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Life at SC's lakes Marion and Moultrie is peaceful — unless Santee Cooper folds

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Fisherman Ronnie Swinton, left, and a friend take advantage of a quiet morning in Bonneau on Lake Moultrie on Friday, Oct. 19, 2018. Lauren Petracca/Staff

Lakes Moultrie and Marion together bring about $415 million worth of tourism to the five counties surrounding them. Locally owned motels, bait and tackle shops, campgrounds, gas stations and fishing charters flourish because of the lakes, which were dug in the early 1940s by hydroelectric power company Santee Cooper. 

Now, that history is casting a cloud over the lakes' future.

In light of the failed nuclear reactor fiasco, Santee Cooper is in hot water financially, and there are concerns that a sale of the company could create a worst-case scenario in which the lakes are either not maintained or drained.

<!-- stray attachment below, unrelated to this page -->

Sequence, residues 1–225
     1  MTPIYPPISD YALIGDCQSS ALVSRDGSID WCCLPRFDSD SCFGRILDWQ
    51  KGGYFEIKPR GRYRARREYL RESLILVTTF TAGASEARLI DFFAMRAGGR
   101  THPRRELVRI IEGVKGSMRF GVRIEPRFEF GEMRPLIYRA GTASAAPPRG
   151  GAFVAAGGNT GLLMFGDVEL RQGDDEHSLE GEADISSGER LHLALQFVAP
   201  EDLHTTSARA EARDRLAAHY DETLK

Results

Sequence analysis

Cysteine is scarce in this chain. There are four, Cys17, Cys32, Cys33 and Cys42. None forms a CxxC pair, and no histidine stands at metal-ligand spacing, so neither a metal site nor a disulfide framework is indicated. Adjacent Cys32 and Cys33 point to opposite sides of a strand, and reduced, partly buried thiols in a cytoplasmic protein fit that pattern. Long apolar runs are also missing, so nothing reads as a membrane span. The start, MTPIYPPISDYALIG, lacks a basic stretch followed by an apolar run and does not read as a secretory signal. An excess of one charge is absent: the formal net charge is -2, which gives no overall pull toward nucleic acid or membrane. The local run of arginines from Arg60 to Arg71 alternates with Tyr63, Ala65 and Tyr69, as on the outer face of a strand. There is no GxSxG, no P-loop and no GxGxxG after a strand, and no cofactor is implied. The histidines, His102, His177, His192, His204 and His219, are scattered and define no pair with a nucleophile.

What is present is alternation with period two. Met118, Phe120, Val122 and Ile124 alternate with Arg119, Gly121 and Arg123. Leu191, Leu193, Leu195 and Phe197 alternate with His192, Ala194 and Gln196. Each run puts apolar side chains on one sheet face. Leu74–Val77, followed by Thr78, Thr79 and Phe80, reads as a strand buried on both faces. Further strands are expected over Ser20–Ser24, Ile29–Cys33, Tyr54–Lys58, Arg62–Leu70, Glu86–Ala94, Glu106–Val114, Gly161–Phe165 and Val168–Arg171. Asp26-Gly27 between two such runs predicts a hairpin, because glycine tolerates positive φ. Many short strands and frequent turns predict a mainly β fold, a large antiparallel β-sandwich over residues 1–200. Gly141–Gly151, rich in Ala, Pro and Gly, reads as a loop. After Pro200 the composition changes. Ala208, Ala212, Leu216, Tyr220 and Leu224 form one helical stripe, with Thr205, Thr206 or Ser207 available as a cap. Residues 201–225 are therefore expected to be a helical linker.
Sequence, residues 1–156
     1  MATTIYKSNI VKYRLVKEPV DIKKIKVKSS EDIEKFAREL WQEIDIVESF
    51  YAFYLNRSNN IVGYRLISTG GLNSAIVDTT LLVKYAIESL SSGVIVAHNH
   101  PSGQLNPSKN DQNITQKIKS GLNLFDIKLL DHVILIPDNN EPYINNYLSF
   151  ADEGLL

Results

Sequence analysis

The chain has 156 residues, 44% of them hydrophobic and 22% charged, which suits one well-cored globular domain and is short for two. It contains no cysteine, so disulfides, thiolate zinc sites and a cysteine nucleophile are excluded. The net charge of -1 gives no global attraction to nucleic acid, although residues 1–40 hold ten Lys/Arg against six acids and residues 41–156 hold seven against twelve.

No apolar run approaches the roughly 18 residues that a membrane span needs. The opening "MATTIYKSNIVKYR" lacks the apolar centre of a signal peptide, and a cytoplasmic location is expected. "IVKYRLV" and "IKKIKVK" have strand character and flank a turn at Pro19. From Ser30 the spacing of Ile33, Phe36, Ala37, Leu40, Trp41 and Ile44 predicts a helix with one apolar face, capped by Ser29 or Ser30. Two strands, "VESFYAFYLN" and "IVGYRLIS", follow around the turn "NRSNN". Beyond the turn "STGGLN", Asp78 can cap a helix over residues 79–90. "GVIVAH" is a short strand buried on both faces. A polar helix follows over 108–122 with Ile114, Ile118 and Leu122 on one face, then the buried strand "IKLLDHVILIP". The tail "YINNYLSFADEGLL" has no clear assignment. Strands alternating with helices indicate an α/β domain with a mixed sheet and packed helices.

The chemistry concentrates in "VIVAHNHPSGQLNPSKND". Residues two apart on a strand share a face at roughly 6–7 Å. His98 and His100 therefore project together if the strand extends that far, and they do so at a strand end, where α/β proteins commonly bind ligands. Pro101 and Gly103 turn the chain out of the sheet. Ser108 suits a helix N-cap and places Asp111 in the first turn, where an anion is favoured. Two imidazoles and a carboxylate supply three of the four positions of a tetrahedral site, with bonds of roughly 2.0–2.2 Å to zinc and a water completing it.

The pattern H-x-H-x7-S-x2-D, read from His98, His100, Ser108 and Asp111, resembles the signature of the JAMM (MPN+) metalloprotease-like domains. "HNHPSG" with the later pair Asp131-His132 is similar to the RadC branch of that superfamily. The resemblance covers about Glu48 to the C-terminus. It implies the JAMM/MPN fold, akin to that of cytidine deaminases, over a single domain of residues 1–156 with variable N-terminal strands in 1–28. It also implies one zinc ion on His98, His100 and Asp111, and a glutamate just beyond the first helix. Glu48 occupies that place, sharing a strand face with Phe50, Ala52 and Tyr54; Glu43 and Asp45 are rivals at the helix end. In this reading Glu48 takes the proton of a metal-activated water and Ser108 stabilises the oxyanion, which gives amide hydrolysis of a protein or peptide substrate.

Life at the lakes

While Gov. Henry McMaster has discussed selling part of the electric company, he has pledged his support for maintaining the lakes. 

"They are worth their weight in gold," he has said.

For the thousands of new people moving to the Charleston area each year from the Midwest and Northeast, Blacks Fish Camp owner Kevin Davis said he hoped the transplants would discover the lakes — and that the larger Lowcountry would feel it has a stake in the lakes' future.  

"These are the 'Great Lakes' of South Carolina," he said. "I love that smell, and the laid back feeling of the lakes ... the lakey feeling. The 'lake life,' if you will." 

'God's creation'